St Trevor: State of Origin v WA 1981

Despite it being a difficult season for the club, for Trevor Barker the 1981 season was an impressive one personally. With a clean bill of health for much of the year, Barker would claim his second Best & Fairest award and finish equal fifth in the Brownlow Medal. His remarkable form was not lost on the Victorian selectors, with the 24-year-old selected for the State of Origin encounter with Western Australia in Perth alongside fellow Saint – Michael Roberts.

Ok, with Mark Williams also selected and future Saints Coach Malcolm Blight missing out due only to injury, State of Origin might not be too accurate a description of the match. This wasn’t too unusual though, with the eligibility rules for interstate football not worth the paper it was written on at times. Eight years later, Queensland’s own Jason Dunstall would stand in the goalsquare for Victoria alongside Tony Lockett to perform a demolition job on South Australia and two years later Victorian Roger Merrett led Queensland to a famous victory over Victoria. Despite this, the opportunity to don the Big V was always a proud moment as it would have been in 1981 for Barker and Roberts.

This importance wasn’t always reflected in the scheduling though. This particular encounter was locked in for April 27th in Perth, just two days after the Victorian players completed their club commitments in Melbourne. For Barker and Roberts this meant hosting Carlton, and Victorian teammates Bruce Doull, Geoff Southby, and Rod Ashman, at Moorabbin on Anzac Day. Despite the Saints taking a four goal lead into quarter time, it was the Blues contingent of state players who were able to enjoy the taste of victory at the Saints Disco that night ahead of their trip to Perth the following day.

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To be fair, the Western Australian’s also played a round of matches on the Saturday ahead of their Monday clash with Victoria. With the majority of their squad based in Perth, including future Saint Phil Cronan, they were not required to cross the Nullabour in the 48-hours between matches. Just Ross Glendenning, Mike Fitzpatrick, and Brian Peake – the father of future Saint Brett, needed to make the Sunday trip west. That said, there won’t be too many sympathetic ears out West to the plights of the Victorians in 1981 given the noise in 2020 surrounding the travel demands endured by West Coast and Fremantle.

The Mal Brown coached Western Australians got a jump on the Vics and led by 31-points at quarter time. With 26,000 fans on hand, for the contest and for the opening of a new $4million Grandstand, the Sandgropers set the Subiaco turf alight in the opening term. Yet before the home team could put their celebratory Swan Lager on ice, the Victorians roared back into the contest. Whatever future St Kilda Coach Tony Jewell said to the team at the first break doing the trick, as they kicked seven goals to three and cut the margin to six points at the main break.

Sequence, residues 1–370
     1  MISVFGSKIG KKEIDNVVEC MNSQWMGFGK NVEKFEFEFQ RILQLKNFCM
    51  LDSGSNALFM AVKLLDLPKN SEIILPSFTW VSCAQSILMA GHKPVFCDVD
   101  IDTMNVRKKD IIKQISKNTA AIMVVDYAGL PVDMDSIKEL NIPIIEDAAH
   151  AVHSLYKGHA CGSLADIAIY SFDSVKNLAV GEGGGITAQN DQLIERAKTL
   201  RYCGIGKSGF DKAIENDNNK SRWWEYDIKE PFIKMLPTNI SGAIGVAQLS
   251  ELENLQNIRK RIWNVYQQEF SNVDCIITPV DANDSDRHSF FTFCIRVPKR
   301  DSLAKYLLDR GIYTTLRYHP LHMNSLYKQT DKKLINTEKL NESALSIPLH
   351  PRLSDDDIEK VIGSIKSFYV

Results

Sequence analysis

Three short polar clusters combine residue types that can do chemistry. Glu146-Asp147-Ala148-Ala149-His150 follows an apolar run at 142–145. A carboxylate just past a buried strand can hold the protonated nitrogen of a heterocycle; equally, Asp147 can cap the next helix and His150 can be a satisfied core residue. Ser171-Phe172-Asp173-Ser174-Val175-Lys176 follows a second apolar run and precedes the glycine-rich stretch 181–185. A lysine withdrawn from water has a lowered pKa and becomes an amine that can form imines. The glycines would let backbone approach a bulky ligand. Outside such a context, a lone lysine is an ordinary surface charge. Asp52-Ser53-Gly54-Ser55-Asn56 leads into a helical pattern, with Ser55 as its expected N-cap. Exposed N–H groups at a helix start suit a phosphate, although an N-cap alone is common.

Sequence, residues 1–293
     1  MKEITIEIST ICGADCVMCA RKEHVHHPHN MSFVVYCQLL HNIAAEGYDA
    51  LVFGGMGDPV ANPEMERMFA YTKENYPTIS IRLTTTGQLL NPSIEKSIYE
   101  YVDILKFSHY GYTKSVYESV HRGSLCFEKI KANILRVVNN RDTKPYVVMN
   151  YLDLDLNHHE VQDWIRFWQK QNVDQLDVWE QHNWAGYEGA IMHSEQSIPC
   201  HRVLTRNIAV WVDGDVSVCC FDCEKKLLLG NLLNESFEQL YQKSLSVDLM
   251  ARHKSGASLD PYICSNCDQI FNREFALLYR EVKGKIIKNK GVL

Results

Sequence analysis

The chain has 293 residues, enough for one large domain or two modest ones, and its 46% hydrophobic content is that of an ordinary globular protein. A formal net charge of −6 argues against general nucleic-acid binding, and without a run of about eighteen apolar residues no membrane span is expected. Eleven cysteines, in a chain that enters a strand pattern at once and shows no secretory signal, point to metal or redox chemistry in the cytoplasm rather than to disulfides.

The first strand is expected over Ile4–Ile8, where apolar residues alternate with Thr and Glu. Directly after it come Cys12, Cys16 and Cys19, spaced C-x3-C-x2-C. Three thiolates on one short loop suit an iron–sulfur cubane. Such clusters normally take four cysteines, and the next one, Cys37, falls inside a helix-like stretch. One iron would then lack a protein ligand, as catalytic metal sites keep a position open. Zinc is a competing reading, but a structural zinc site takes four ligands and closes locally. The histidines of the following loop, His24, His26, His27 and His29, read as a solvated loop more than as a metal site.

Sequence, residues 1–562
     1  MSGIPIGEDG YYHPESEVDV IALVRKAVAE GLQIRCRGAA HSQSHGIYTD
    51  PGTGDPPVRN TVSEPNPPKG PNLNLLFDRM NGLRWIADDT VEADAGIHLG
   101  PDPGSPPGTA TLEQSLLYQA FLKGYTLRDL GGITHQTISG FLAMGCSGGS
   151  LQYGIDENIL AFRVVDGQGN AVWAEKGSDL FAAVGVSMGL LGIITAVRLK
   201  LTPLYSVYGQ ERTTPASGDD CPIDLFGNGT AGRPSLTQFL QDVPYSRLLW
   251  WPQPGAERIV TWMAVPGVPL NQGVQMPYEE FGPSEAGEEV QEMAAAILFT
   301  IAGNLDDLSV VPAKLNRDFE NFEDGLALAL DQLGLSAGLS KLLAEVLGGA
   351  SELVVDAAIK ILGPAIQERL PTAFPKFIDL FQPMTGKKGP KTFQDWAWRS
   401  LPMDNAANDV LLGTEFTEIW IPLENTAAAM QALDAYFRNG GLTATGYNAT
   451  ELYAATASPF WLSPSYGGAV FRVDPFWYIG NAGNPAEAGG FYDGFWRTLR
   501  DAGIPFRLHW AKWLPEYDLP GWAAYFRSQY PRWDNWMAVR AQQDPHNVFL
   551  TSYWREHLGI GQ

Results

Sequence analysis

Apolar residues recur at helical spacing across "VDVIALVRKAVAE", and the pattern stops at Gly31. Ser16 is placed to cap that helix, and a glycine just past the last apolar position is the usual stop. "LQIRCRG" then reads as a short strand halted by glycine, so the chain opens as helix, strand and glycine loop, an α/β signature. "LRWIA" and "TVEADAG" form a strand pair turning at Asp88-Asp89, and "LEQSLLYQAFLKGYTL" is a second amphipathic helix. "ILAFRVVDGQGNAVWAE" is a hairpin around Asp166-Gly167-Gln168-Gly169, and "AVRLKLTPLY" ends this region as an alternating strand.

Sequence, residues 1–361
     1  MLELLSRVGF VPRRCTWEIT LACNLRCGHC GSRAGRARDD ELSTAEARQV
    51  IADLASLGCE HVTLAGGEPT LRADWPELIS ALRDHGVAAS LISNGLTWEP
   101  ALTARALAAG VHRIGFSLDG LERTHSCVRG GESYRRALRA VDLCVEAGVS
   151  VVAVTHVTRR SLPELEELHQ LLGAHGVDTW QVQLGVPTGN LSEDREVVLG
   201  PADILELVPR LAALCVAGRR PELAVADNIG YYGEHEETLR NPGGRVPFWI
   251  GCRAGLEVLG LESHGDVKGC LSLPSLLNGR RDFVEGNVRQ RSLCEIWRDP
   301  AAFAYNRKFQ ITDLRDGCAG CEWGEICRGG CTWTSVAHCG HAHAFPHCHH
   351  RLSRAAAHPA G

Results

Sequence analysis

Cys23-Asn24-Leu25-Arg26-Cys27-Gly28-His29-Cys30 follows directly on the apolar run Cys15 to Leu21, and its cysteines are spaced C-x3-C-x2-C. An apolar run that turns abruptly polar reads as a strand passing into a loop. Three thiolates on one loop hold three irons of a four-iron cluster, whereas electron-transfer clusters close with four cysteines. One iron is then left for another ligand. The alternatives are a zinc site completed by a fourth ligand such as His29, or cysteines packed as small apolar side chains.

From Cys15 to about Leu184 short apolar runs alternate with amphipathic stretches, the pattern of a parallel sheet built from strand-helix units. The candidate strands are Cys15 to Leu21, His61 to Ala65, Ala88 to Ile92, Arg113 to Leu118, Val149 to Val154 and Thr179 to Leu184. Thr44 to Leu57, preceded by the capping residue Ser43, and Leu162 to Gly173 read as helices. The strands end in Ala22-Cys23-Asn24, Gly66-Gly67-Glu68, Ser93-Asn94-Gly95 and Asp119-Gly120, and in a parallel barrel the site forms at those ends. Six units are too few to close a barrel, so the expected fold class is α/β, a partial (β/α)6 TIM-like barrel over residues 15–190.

Barker and Roberts were solid for the visitors but were not able to have an influence on the final result. In the end the conditions, and the travel factor, proved too much for Victoria to overcome. Western Australia recovered from the second quarter scare and ran away with the match in the second half. Their own wastefulness in front of goal, they kicked 16.23 to 13.12, all that prevented them from handing Victoria a sizeable defeat.

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The two Saints would board the chartered plane back to Victoria and would report for duty for the Saints again the following weekend. The luxury of a five-day break between games agreeing with them as they both starred against the Swans at Waverley. Roberts would collect 24 possessions and kick a goal while Barker would help himself to 33 touches. As would be the story of the season, their efforts weren’t enough and the Saints would fall to the Swans by 10-points.

Unfortunately for Roberts, after breakthrough season in 1980 & 81, injuries would prevent him from rediscovering the form that saw him earn Big V selection. After averaging 20-possessions a game and kicking 37-goals in this period, he would play just 30 games across the next four seasons. Despite having red, black, and white blood running through his veins he would ultimately end his career with stints at Richmond and Fitzroy.

Despite remaining an inspirational figure and leader at the club until his retirement in 1989, injury would also hamper the remainder of Trevor Barker’s career too. Despite his famous bravery and courage, and perhaps in some instances because of it, he would not be able to match his season tally of 19-games again for the remainder of his career.

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